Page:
18. Wes Craven’s New Nightmare
It doesn’t get much more meta than this one. In this world, A Nightmare on Elm Street was just a movie, and the people playing those roles were just actors. But when Wes Craven starts dreaming up a new Nightmare on Elm Street script, everything he dreams about happens in real life to Heather Langenkamp and her son Dillon.
It’s been a while since I’ve seen this one, I usually just watch the original, but this is a solid flick. It’s kind of a nice lead in to Scream (which Wes Craven directed, but didn’t write). It’s got that same sort of feel where horror movies are just movies in these worlds, but the horror slowly starts to creep into real life.
Speaking of Wes Craven, he passed away a few couple months ago after battling brain cancer, but he will always be the person that introduced me to the horror genre, and got me excited about it. Well, my older cousins actually introduced me to the movie, but “A Nightmare on Elm Street” is the first horror movie I can vividl remember watching as a kid and having it scare the shit out of me. I can still picture the house we watched it in, it was a family party of some sort. Most of the adults were out in the back of the house mingling and drinking, and us kids were in the front room watching the movie. I couldn’t sleep for a week, but I’ll never forget it even though I was probably only 5-6 years old at the time.
I watched this movie when it first came out and remember liking it a lot so I bought the blu-ray and then never watched it again until today… and it’s definitely a solid flick. I’m not sure if it falls into the “horror” genre really, but it’s listed as action/horror so I went with it.
The story itself has a bit of an Aliens meets The Descent type vibe to it. A guy wakes up from sleep stasis and can’t remember anything. He was part of the flight team on a mission to colonize a new Earth-like planet. Eventually his Lieutenant wakes up also and they work to try and get the ship’s power back online. As they make their way through the ship towards the reactor they begin to realize that they are not alone, and not everything is as it seems.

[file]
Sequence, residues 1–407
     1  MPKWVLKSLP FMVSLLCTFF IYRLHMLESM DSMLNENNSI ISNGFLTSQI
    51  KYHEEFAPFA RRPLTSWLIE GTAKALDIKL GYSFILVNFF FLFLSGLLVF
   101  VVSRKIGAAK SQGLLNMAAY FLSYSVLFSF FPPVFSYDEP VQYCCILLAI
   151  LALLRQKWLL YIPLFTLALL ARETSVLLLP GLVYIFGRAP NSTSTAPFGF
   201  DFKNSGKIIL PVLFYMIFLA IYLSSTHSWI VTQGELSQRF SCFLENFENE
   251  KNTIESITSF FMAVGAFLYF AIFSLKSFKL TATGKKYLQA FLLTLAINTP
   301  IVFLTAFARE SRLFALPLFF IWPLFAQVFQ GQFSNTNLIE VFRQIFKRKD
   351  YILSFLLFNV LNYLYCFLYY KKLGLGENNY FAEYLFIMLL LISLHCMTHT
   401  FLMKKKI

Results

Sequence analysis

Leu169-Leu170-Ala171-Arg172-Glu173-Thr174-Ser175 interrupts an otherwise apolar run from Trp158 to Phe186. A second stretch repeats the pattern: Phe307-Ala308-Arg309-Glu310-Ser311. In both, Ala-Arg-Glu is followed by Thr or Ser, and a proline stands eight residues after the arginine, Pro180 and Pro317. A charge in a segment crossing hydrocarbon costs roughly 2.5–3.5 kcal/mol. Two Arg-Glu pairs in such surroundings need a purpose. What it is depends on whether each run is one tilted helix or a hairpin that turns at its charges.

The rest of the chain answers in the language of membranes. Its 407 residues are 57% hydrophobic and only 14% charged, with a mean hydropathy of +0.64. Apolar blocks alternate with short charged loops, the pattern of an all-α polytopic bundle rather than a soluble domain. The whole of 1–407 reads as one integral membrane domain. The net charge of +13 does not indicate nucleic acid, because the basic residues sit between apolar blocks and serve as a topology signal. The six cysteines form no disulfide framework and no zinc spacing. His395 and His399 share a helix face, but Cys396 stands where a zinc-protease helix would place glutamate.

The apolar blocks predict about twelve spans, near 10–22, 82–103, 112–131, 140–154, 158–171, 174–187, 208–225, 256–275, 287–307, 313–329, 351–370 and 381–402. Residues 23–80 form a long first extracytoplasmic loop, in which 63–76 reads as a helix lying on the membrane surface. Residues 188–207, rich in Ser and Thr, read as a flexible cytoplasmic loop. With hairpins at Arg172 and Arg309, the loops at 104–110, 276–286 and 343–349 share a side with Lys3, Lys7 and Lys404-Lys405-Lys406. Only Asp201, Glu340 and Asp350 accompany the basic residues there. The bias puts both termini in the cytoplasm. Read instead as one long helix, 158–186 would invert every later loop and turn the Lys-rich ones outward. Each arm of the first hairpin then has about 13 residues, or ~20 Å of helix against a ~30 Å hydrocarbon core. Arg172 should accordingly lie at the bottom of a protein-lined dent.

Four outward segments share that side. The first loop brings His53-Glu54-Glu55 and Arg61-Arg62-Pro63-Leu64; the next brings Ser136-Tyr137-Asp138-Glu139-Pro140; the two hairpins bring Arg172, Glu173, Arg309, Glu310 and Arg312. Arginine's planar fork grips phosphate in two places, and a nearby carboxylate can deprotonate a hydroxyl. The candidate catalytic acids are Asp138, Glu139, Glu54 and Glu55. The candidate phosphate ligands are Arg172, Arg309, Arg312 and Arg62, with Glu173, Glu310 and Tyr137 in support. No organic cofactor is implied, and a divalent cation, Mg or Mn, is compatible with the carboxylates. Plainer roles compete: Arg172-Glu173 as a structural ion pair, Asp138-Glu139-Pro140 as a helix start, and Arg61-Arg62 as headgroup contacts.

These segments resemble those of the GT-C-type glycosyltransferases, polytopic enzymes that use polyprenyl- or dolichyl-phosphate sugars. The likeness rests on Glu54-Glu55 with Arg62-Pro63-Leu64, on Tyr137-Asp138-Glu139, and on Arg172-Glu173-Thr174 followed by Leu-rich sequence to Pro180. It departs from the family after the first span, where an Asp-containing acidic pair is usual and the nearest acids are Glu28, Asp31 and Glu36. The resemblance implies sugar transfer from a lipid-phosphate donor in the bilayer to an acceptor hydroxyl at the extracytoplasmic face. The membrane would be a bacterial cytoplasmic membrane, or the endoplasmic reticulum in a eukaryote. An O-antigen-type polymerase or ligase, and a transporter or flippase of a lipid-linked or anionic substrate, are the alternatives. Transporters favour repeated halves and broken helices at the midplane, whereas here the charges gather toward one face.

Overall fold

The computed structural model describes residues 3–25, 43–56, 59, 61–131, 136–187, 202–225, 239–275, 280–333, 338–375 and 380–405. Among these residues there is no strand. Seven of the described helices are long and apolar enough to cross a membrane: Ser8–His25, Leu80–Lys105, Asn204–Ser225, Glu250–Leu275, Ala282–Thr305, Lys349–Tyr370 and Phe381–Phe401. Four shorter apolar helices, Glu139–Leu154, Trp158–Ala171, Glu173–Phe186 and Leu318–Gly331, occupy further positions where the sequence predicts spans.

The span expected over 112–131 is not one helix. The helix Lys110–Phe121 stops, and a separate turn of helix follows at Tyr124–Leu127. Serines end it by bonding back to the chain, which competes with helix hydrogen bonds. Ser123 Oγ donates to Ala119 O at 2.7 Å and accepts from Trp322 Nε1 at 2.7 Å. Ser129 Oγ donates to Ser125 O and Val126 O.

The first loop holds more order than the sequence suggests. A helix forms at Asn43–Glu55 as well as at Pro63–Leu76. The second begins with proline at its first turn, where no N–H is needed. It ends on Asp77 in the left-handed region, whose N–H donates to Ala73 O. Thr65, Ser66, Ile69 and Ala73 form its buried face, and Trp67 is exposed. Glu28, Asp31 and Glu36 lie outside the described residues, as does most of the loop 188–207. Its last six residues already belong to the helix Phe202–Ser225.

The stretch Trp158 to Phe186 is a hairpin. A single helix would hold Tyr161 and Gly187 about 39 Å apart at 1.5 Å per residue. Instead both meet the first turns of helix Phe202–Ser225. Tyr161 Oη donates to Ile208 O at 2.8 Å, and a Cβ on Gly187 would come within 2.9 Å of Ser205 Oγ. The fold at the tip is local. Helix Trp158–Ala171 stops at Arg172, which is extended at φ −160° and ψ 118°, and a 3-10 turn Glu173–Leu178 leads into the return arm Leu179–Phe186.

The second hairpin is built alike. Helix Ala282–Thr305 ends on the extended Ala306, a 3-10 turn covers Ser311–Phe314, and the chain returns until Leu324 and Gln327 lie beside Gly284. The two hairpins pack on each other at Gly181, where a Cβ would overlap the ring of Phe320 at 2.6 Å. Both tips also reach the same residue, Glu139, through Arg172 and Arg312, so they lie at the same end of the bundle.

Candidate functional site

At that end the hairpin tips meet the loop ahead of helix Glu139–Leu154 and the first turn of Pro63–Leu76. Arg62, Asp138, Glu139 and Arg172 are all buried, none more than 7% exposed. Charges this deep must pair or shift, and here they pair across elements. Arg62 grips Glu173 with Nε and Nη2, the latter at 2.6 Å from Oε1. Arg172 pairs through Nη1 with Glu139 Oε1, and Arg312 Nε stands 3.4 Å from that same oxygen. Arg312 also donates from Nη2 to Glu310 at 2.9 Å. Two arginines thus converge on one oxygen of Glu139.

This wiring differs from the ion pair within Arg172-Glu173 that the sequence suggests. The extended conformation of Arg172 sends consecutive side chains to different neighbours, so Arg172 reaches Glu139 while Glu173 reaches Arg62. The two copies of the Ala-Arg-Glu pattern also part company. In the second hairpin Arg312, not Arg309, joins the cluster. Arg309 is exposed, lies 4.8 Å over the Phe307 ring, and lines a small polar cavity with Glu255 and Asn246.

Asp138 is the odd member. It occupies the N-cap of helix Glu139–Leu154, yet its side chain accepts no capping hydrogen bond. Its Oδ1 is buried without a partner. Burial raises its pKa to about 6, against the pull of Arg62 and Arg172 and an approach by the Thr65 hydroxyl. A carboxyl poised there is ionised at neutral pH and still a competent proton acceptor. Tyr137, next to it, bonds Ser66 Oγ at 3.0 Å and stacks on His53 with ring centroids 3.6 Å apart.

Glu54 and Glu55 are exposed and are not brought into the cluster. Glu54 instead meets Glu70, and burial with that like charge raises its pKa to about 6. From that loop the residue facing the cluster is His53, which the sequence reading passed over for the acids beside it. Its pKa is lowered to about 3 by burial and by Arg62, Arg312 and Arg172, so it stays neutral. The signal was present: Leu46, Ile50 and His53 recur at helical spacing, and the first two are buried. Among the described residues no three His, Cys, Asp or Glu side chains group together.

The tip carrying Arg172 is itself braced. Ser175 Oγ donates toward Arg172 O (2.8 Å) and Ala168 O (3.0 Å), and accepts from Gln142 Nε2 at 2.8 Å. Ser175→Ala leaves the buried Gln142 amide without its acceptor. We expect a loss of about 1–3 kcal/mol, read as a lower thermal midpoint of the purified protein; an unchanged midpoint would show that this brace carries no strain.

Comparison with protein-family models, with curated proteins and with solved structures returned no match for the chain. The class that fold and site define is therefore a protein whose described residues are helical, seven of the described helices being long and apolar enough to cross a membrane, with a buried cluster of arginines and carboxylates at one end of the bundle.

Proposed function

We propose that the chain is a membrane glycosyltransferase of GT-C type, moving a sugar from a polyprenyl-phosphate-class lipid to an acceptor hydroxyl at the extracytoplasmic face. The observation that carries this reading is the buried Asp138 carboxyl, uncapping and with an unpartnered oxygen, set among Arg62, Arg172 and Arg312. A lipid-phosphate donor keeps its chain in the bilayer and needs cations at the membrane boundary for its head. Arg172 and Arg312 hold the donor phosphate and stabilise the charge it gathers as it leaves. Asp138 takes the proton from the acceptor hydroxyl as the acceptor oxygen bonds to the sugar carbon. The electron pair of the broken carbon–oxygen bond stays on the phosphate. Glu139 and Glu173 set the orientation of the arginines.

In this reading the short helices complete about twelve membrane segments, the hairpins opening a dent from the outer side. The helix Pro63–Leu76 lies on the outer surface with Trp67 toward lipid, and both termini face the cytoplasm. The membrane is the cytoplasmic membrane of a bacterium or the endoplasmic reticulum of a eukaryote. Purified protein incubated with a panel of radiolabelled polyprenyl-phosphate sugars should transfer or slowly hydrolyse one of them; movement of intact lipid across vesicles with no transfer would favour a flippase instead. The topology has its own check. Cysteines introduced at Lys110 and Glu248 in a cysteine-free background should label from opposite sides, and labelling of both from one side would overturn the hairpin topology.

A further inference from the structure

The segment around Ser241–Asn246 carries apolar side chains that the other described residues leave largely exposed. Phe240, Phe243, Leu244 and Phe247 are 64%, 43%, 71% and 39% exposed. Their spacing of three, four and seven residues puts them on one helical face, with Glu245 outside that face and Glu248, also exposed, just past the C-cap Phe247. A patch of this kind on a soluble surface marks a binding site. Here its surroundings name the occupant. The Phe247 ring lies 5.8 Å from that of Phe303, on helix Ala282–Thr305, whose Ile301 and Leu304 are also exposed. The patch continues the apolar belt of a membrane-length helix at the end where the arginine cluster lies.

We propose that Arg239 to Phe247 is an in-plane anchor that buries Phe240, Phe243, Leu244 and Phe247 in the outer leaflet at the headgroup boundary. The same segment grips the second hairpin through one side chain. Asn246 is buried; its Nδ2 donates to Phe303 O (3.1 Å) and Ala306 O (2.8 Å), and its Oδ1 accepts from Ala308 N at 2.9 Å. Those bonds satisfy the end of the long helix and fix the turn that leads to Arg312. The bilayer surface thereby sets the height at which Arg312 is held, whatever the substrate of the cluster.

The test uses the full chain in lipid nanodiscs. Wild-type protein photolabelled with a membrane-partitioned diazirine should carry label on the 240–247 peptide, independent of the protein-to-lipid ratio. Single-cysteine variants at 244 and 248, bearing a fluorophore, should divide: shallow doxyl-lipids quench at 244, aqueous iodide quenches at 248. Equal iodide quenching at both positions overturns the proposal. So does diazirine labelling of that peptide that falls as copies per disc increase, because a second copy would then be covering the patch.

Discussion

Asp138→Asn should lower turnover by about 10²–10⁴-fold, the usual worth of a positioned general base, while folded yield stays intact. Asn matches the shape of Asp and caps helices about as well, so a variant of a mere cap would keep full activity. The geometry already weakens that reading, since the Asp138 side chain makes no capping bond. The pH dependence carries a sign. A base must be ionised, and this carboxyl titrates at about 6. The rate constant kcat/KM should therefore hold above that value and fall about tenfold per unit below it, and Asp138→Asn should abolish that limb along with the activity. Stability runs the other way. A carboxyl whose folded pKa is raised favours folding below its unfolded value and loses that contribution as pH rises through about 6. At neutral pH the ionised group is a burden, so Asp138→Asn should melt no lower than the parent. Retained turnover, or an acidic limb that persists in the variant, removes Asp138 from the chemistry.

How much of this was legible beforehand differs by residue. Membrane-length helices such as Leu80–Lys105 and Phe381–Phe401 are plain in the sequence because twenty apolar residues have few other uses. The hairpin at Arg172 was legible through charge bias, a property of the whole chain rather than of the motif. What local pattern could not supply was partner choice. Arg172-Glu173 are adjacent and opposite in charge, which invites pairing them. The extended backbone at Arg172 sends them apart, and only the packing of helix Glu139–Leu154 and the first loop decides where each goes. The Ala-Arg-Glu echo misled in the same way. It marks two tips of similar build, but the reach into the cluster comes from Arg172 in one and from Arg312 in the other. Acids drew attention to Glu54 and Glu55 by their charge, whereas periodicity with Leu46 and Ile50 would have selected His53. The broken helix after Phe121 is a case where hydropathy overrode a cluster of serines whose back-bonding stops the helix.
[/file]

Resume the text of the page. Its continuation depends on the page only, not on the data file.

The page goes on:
It’s not as good as Aliens or The Descent, but it’s still got a great feel to it.
20. The Lost Boys
Kiefer Sutherland, Bill S. Preston, Esq. (Alex Winter), and their gang of vampire kids are terrorizing a California town when Corey Haim and his brother move into the area. Obviously Corey Feldman and his brother, aka the Frog brothers, have known about the vampires for a while now, but apparently nobody else has… except maybe grandpa.
Straight out of the late 80’s and it’s painfully obvious, which is definitely not a bad thing. Still one of the best vampire movies out there and just a good time. Whenever “The Corey’s” show up in a movie together you know you’re in for a treat.
21. Tucker and Dale vs. Evil
I know I said I wasn’t going to watch this one this year, but I lied. It’s been hard to cram in actual scary/gory horror movies at night before bed so I opted for another horror/comedy. Tucker and Dale are just two back country boys looking to clean up their newly purchased vacation home in the woods until they rescue a college girl that fell into the lake and knocked herself unconscious. When her friends see Tucker and Dale rowing away from them with the girl in their boat, they immediately think that she was kidnapped and vow to seek them out and get their friend back… which leads to a series of very unfortunate events.
22. The Hills Have Eyes (2006)
“High Tension” brought Alexandre Aja’s name to the U.S. market and for good reason. That movie is still one of my favorites to come out after 2000, so when I heard that he was going to be directing a remake of Wes Craven’s “The Hills Have Eyes” I was pretty excited. Even though I’m not a big fan of the original, I thought that Aja would bring something more to the table, and I was not disappointed.
A family of 6 and a baby (father, mother, teenage kids, 1 adult kid, her husband and baby) set off on a cross country roadtrip to San Diego in their rv. As they start to cross the desert, they stop for gas and are told by the nice old man at the gas station about a short cut through the mountains. Obviously there is no shortcut and they are ambushed by the people living in the hills.
23. Goodnight, Mommy
Two twin boys anxiously await the arrival of their mother who has been receiving some sort of cosmetic surgery, but when she returns home with her face bandaged, the kids begin to suspect that this may not be their mother.